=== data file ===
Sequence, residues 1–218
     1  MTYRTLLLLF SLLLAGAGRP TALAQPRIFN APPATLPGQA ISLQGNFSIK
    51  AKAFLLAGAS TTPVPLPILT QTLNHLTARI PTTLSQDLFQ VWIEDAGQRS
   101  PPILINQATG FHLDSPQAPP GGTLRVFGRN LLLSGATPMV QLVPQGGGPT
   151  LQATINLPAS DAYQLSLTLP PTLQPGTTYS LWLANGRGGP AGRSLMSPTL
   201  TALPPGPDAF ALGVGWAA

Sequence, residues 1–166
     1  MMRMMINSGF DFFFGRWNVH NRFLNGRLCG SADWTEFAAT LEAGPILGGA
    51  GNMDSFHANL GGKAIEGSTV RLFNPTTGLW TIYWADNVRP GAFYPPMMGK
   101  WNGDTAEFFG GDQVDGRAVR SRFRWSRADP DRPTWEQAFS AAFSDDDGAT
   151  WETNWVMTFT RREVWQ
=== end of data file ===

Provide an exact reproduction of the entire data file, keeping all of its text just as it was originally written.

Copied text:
Sequence, residues 1–218
     1  MTYRTLLLLF SLLLAGAGRP TALAQPRIFN APPATLPGQA ISLQGNFSIK
    51  AKAFLLAGAS TTPVPLPILT QTLNHLTARI PTTLSQDLFQ VWIEDAGQRS
   101  PPILINQATG FHLDSPQAPP GGTLRVFGRN LLLSGATPMV QLVPQGGGPT
   151  LQATINLPAS DAYQLSLTLP PTLQPGTTYS LWLANGRGGP AGRSLMSPTL
   201  TALPPGPDAF ALGVGWAA

Sequence, residues 1–166
     1  MMRMMINSGF DFFFGRWNVH NRFLNGRLCG SADWTEFAAT LEAGPILGGA
    51  GNMDSFHANL GGKAIEGSTV RLFNPTTGLW TIYWADNVRP GAFYPPMMGK
   101  WNGDTAEFFG GDQVDGRAVR SRFRWSRADP DRPTWEQAFS AAFSDDDGAT
   151  WETNWVMTFT RREVWQ